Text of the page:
There is a simmering arms race in the Super Naked category, and the 2023 BMW M 1000 R is the newest piece of high-tech weaponry to enter the battlefield. Armed with the latest-generation ShiftCam-equipped inline-4 from the S 1000 RR superbike, along with its updated electronic aids, the M 1000 R has ascended to the exclusive 200 horsepower club and now breathes the same rarified air as the Ducati Streetfighter V4 and MV Agusta Brutale 1000 RR moto-missiles.BMW’s S 1000 R, despite its ample 165 ponies, stands as a more-sensible road-oriented choice among today’s power-hungry liter-class naked segment, which often seems aimed at racetrack proving grounds. The M 1000 R wears its M-branding with pride, coupling superbike-derived aerodynamics, electronics, and, of course, the newly minted engine to the sweet-handling S 1000 R chassis. The question remains: Would the M 1000 R’s M-badged power gains obliterate the base bike’s street-savvy nature?
We teamed up with Let’s Ride Trackdays to spin laps around Buttonwillow Raceway Park’s 2.68-mile road course and fired out follow-up street missions to seek those answers. That’s all in a day’s work for any sporting naked bike, so let’s get on with the Fast Facts.
- Our tester boasted the $4995 M Competition Package, which brings plenty of optional go-fast parts into the fold. Besides the exclusive Black Storm Metallic / M Motorsport livery, some pieces genuinely enhance the M-single-R’s performance and should be highlighted before kicking off this review. First, lightweight M carbon fiber wheels shave off 3.7 pounds compared to alloy variants, reducing rotating mass and increasing rear tire width to 200. Next, 0.2-inch thicker 320mm front discs address increased power. Speedy pizzazz is accentuated by all the featherweight carbon fiber bits—fenders, airbox cover, chain and pinion guards, and tank covers. A heaping dose of ergonomic customization is in play with M Billet parts, including anodized aluminum rearsets, shift levers, brake pedal, and levers (all adjustable), plus the passenger pegs. There’s also a passenger seat cover available for a cleaner look. Lastly, the GPS lap timer is unlocked.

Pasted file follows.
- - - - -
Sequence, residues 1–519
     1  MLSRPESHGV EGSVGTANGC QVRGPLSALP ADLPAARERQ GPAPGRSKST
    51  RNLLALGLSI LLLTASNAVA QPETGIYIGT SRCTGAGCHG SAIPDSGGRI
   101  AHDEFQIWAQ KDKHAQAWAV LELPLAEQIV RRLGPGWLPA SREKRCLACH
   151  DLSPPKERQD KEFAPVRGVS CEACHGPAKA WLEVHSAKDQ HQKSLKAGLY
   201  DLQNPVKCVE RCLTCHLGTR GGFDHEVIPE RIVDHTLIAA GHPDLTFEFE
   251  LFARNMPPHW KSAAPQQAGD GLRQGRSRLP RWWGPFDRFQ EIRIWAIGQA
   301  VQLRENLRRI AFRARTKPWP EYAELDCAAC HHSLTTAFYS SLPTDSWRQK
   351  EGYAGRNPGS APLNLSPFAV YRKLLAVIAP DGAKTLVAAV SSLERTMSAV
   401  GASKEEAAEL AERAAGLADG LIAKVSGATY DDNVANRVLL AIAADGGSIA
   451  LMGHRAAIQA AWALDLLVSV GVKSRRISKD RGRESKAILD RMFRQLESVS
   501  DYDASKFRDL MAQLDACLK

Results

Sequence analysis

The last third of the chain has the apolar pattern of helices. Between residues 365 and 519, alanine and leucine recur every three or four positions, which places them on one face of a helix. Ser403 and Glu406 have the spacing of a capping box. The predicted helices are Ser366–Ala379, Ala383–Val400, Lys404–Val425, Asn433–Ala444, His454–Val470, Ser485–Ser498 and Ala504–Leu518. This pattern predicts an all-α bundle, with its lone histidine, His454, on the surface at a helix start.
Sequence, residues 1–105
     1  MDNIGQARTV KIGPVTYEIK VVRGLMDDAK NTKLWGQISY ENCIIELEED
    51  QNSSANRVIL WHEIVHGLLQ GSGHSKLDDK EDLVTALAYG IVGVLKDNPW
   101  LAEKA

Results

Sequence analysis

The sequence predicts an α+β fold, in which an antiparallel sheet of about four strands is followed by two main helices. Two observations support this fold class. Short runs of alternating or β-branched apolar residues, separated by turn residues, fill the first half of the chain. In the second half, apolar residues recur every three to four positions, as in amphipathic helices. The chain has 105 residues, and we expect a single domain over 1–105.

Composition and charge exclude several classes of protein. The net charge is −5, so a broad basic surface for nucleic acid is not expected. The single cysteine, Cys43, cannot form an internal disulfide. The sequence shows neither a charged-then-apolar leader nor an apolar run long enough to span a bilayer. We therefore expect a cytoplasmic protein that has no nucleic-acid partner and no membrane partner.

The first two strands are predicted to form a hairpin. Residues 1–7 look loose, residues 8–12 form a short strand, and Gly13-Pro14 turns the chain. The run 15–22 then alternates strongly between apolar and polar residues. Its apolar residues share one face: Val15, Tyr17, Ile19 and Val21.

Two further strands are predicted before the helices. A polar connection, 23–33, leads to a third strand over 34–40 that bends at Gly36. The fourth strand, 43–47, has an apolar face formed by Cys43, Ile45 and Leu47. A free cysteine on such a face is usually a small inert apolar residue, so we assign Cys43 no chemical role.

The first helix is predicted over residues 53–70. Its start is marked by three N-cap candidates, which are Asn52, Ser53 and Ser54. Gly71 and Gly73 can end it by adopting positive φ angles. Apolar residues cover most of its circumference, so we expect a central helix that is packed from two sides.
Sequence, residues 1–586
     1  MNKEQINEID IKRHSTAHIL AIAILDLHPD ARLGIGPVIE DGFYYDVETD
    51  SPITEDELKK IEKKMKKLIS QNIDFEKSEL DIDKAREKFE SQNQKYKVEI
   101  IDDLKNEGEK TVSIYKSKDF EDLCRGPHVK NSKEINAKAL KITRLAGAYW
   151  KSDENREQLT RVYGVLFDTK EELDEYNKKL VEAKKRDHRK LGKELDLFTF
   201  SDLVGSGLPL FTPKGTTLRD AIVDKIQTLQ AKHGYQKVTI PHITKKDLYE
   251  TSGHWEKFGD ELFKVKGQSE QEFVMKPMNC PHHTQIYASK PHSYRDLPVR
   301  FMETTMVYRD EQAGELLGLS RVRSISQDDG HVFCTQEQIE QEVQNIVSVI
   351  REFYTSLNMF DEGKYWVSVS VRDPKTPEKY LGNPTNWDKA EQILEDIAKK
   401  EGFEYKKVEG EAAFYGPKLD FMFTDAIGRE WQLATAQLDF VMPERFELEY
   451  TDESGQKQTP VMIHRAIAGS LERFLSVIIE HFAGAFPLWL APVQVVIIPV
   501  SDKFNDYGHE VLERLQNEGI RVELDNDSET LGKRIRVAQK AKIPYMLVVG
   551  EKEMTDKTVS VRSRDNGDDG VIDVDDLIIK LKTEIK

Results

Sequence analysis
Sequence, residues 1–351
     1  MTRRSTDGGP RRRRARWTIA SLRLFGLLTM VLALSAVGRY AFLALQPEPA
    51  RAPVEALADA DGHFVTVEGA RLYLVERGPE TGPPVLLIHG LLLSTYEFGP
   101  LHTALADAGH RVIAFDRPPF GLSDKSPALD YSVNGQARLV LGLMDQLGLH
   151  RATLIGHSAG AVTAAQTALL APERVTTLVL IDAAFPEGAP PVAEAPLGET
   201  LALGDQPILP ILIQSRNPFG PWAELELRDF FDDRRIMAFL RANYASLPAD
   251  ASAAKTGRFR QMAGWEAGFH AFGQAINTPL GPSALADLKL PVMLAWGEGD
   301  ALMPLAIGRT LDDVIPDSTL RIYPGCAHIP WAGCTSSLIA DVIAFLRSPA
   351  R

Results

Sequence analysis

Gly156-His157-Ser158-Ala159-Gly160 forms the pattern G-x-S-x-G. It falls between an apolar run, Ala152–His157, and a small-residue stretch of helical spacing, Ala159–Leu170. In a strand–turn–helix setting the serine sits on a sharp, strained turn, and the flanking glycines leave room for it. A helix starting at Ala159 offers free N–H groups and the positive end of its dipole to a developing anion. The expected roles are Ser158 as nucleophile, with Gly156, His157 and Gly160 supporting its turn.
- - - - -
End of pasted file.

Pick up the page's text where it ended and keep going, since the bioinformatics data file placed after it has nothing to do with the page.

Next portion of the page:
- Oh, but that’s not all on the performance front: We also had the $1895 M Titanium exhaust. An Akrapovič titanium muffler is standard on all M-R machines, but this upgrade shaves off nearly six pounds using a titanium header and mid-pipe. Totaling all the goodies, a little over 10 pounds is shaved from the stock M 1000 R’s 439-pound claimed curb weight while they raise the price from $21,345 to a lofty as-tested price of $28,235.